FERC is also currently developing new policies—through two new rules (called Notice of Proposed Rulemakings, or NOPRs) on transmission and grid interconnection—that would ensure grid planners across the U.S. prepare together for the clean energy future. FERC’s transmission NOPR would require regional coordination on interstate power lines to create the long-distance transmission infrastructure needed to deliver clean energy from generators to end-users. Additionally, in January, DOE announced the Building a Better Grid Initiative and a new Grid Deployment Office to implement the funding authority in IIJA and IRA.

What is missing?

These wins have created an opportunity to advance the political and economic narrative around the benefits of expanding the high-voltage transmission grid. However, these recent investments are only a down payment on what is required to achieve power sector decarbonization by 2035 and net zero by 2050. According to Princeton’s Net Zero America study, high end-use electrification will require $200-300 billion in investment and increasing current transmission capacity around 62% by 2030 and 3x by 2050.

Today’s grids were built for a 20th century economy, in an era when fossil fuel power plants served their neighboring cities and towns. By contrast, renewable energy resources are not uniformly available throughout the U.S. Our current transmission lines do not span the distance required to connect clean energy sources to the homes and businesses that will need it. Today, there are enough wind, solar, and storage projects waiting to be built to power up to 84% of the U.S., but 80% of these approved clean energy projects could be canceled before they are connected to the grid because of the lack of transmission lines, and our nation’s ability to move the power from one place to another.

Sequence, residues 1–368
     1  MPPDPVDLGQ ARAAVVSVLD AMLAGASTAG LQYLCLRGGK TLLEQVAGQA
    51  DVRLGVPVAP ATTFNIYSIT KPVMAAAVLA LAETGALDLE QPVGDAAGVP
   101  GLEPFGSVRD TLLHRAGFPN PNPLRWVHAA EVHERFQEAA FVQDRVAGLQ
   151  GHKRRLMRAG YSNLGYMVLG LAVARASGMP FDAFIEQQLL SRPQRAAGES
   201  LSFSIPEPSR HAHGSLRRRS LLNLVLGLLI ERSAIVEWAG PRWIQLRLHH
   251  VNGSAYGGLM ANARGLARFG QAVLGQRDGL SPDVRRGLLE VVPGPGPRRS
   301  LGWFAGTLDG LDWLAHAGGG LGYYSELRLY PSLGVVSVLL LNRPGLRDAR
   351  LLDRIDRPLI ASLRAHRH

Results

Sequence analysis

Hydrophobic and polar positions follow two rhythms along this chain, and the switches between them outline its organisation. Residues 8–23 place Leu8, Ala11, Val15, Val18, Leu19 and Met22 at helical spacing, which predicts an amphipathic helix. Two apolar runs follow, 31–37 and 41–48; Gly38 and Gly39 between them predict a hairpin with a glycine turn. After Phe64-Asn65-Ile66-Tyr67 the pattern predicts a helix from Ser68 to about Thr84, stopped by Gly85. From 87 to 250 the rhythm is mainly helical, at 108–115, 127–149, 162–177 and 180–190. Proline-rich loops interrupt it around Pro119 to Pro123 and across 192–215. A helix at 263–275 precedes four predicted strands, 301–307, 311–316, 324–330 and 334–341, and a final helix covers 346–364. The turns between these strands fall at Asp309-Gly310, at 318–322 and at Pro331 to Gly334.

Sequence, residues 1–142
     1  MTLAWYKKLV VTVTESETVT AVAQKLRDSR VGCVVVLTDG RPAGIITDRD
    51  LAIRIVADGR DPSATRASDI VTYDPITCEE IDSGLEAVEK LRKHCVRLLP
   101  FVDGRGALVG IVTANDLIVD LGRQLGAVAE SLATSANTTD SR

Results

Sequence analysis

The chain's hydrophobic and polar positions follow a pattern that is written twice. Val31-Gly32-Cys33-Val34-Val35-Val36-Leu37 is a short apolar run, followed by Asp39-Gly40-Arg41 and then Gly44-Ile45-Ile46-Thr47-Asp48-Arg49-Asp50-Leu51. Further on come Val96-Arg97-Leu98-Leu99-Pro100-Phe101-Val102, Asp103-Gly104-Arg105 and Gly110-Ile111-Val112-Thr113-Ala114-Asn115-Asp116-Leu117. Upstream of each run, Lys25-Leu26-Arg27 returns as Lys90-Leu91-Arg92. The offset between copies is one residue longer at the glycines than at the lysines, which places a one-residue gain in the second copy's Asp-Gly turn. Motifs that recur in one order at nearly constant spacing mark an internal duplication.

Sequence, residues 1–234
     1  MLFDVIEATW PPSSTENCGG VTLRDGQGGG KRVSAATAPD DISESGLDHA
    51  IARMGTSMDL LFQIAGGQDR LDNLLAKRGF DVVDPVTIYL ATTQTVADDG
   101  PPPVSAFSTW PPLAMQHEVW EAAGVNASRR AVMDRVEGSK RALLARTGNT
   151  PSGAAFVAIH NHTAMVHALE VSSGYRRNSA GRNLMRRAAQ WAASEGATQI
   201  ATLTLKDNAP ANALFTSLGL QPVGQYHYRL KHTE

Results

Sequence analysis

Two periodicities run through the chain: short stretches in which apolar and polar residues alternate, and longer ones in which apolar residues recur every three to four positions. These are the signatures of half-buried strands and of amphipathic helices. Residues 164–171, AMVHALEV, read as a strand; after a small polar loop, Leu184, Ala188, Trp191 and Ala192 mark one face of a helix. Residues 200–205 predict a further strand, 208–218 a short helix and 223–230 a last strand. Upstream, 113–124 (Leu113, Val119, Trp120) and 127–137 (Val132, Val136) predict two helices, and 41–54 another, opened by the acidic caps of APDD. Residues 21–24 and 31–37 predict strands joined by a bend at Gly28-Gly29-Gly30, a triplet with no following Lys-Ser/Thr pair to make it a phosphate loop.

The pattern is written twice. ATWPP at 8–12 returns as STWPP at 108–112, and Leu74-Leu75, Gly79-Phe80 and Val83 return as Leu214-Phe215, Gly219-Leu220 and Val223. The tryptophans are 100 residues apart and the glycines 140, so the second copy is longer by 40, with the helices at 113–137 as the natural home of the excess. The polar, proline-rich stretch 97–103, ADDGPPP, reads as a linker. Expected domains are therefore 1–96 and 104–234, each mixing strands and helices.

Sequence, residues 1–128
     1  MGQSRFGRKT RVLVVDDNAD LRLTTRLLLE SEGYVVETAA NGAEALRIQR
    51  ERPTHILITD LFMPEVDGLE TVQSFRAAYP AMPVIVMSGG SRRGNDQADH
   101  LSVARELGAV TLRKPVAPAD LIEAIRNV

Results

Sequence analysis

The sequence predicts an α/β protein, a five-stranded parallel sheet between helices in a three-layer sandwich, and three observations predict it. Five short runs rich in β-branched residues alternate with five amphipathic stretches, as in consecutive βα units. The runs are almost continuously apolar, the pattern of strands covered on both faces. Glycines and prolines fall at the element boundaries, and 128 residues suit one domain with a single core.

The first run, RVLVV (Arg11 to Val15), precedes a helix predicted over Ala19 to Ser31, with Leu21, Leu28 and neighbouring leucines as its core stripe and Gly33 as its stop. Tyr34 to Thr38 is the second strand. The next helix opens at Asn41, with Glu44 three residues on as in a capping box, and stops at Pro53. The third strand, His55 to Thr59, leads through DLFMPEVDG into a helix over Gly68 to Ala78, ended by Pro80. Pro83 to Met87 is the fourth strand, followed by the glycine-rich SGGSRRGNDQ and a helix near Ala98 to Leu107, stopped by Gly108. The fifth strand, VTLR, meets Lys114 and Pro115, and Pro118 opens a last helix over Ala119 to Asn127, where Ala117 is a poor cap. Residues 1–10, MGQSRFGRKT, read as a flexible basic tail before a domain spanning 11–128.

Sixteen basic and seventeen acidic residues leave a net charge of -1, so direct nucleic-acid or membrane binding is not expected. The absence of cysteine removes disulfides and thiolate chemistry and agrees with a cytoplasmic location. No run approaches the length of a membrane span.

To achieve our decarbonization goals, we will have to rethink nearly 100 years of transmission policy.

What is next?

We have an unprecedented opportunity to modernize our aging transmission system by investing in a nationwide macrogrid. A macrogrid is an interstate “superhighway” system of high-voltage, long-distance transmission lines that will deliver clean power across the country. It will connect the three U.S. grids currently operating regionally—in the east, west, and in Texas—so that large population centers can connect to the lowest-cost clean energy.

Building a macrogrid can be done, but it will take coordinated effort across the regional, state, and federal levels. New policies, regulatory changes, and major investments will be essential to building a macrogrid and delivering a clean energy economy.

Simply put, our country’s transmission system is at a crossroads—one with significant opportunity. By working together and investing in a nationwide macrogrid, we can build a modernized transmission system that delivers affordable, reliable, clean power to every community across America; supports a clean energy economy with significant job creation and cost-savings for families; and dramatically reduces carbon emissions.

Oct 19, 2022 Breakthrough Energy Announces First Catalyst Project Funding in $50 Million Grant to LanzaJet